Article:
Switching to Gmail Web-App

I recently made the switch to the Gmail web-app.  I have had a Gmail address (or two) for a long time.  However, I have always used a local application to access my email.  For years, I used the standard mail app that comes with OSX.  Recently, I had switched to Sparrow.  However, after Sparrow was acquired by Google, I knew it was a matter of time before I needed to find something else.  In the last few months, Sparrow was having some glitches that bothered me enough to start looking around and make a switch once again.

I looked for a few weeks, and where I ended surprised even me.  I really don’t like the web interface for Gmail.  But in the end… functionality was what won the day.  The biggest gain for me, was that once I get the Gmail interface set up the way I want it, I can access my email in that EXACT interface from anywhere. First, I forwarded ALL of my emails to my Gmail account, and then I set each email up to send from there as well.  Gmail can automatically respond from the same address that a message was sent to me on… so now I don’t even need to know what address a message comes in on.  If I respond, Gmail responds from the correct address (you do have to select this setting).  Still, I set up labels for each of my emails, just so I can keep track of where conversations are happening.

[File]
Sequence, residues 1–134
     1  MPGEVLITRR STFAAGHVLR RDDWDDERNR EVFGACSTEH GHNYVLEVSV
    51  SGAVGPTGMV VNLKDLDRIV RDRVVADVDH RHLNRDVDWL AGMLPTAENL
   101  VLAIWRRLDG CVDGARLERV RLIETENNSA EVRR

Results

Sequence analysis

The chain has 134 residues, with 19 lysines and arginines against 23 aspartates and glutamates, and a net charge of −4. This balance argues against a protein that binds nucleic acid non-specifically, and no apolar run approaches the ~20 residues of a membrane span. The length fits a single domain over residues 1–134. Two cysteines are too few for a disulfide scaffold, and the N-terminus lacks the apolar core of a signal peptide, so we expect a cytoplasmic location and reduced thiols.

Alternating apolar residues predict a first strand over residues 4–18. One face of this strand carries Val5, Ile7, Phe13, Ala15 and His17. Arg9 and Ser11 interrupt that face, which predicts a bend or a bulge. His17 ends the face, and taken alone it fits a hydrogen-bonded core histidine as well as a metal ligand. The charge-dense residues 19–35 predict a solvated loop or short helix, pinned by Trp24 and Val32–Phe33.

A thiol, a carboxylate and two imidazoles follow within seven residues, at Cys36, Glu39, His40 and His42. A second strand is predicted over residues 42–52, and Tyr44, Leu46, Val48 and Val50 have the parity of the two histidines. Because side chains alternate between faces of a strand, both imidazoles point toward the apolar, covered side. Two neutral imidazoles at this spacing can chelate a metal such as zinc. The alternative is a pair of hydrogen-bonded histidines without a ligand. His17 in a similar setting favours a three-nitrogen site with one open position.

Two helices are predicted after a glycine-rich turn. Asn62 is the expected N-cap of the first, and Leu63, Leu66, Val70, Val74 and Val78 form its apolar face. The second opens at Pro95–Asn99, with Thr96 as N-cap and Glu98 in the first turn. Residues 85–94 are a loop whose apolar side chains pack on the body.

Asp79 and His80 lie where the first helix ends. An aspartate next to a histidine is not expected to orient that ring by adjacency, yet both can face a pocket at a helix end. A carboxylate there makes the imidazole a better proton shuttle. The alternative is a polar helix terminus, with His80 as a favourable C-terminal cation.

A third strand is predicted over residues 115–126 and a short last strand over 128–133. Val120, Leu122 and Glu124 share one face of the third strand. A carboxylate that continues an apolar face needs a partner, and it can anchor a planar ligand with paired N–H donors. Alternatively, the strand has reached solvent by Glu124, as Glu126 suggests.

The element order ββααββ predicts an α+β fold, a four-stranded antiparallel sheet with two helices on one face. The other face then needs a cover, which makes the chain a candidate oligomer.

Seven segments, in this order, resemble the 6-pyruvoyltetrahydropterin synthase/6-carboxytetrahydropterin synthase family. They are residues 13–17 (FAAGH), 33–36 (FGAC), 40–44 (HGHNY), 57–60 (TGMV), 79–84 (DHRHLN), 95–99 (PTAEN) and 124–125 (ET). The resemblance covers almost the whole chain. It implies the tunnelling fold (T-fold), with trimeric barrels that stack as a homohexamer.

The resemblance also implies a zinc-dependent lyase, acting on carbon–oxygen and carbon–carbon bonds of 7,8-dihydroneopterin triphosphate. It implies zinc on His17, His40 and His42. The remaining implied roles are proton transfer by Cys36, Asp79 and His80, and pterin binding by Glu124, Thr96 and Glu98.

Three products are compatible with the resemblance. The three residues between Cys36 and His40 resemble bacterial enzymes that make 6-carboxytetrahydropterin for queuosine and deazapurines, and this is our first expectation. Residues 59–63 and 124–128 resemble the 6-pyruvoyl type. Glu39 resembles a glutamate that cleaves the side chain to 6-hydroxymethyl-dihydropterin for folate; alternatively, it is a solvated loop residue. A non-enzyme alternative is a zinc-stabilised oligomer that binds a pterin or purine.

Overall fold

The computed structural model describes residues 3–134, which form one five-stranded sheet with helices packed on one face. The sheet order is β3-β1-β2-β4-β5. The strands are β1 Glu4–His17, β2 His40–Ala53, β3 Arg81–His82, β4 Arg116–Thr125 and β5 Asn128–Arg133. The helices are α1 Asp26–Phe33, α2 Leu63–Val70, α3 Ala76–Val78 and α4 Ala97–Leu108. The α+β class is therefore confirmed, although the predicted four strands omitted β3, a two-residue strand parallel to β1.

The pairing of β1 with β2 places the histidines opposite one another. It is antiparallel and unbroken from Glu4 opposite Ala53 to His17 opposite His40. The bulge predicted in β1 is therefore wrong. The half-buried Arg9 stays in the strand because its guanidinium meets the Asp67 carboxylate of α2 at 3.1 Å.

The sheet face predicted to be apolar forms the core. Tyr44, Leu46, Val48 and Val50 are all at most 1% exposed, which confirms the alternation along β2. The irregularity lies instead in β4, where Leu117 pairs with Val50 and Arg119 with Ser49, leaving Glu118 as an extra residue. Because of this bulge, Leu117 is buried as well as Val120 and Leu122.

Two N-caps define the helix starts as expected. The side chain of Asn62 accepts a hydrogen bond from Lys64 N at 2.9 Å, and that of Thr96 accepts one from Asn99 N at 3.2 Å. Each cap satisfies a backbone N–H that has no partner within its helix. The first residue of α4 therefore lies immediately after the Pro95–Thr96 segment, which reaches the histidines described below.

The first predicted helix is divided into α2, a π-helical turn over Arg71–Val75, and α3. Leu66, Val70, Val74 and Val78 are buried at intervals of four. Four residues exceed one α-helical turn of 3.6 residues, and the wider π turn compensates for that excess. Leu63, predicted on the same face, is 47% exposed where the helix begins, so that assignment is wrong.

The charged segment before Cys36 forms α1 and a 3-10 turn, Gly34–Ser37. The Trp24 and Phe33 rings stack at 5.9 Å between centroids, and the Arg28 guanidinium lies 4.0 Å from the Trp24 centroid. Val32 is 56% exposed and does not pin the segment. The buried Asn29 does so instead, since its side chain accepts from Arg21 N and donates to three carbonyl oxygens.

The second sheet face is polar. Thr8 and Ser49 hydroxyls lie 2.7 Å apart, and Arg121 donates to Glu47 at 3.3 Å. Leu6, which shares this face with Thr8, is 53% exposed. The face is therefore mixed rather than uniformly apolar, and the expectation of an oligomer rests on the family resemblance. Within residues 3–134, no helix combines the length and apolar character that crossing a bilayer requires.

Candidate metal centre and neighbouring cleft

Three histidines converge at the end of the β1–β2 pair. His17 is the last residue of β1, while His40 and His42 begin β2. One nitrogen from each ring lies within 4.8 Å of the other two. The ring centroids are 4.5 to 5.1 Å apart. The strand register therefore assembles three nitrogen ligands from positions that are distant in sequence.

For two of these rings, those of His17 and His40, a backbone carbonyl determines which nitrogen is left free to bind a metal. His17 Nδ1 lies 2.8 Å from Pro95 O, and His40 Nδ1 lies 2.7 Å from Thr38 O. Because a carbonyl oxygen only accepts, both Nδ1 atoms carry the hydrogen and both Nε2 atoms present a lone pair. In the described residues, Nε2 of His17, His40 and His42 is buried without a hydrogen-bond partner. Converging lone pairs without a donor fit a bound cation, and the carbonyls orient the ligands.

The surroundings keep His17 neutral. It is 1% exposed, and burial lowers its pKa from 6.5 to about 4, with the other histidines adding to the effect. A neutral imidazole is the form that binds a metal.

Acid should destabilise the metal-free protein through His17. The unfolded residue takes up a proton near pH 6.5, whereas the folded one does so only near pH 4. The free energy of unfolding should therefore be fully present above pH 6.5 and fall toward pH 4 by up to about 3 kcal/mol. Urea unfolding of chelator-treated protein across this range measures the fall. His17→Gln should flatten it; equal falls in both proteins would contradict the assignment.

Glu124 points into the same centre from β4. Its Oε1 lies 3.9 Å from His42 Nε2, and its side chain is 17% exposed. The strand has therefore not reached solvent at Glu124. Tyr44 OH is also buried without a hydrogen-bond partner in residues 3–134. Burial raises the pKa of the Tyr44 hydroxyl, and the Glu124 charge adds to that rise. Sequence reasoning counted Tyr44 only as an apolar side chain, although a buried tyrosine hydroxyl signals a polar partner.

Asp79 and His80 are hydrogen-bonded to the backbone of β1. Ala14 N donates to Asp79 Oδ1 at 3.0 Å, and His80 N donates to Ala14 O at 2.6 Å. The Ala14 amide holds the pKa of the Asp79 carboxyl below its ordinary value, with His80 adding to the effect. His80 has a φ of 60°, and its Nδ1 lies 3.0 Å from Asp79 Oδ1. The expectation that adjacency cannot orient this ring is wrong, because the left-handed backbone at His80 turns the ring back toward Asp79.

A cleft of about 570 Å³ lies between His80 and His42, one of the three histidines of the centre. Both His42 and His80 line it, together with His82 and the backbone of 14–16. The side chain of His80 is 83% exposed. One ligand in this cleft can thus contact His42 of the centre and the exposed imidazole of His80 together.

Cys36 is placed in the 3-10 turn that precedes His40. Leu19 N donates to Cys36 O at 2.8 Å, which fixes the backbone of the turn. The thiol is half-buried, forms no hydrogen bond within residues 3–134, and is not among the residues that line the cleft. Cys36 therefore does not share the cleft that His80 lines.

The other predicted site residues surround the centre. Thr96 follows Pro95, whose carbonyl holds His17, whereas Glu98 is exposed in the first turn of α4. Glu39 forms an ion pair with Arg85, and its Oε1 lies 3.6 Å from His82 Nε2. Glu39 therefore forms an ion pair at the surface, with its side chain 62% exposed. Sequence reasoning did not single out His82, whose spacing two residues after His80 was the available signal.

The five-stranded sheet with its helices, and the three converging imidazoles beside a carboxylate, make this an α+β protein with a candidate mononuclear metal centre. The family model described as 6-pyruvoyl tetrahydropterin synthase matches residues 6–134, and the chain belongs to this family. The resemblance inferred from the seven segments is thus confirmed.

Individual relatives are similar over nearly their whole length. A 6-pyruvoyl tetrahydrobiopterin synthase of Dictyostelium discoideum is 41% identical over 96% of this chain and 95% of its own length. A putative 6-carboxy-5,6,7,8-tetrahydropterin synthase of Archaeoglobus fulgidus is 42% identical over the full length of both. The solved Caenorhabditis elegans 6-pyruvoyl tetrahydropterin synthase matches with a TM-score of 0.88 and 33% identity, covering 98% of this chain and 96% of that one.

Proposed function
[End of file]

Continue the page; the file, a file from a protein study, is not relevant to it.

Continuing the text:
Over all, it has taken me a few weeks to get things the way I like them.  Now I have my labels and filters set up in a way that works for me, and I am slowly getting accustomed to Gmail shortcuts.  The final step for me, was to clean things up.  I turned to Gmelius for that.  Gmelius allows you to take out adds and clean the interface up a bit (but only in Chrome).  Of course, If I access my Gmail from someone else’s computer, it won’t have the final touches that Gmelius adds. The functionality will be the same, though, and I can live with that.

Now that I am on the flip-side of having made the switch… I can hardly imagine going back to a stand-alone email app.  I have a bit of a love-hate relationship with Google (and all super-huge mega companies that are trying to rule the world), but the functionality they offer for email is fantastic for my usage.

 

My 10 Favorite Mac Apps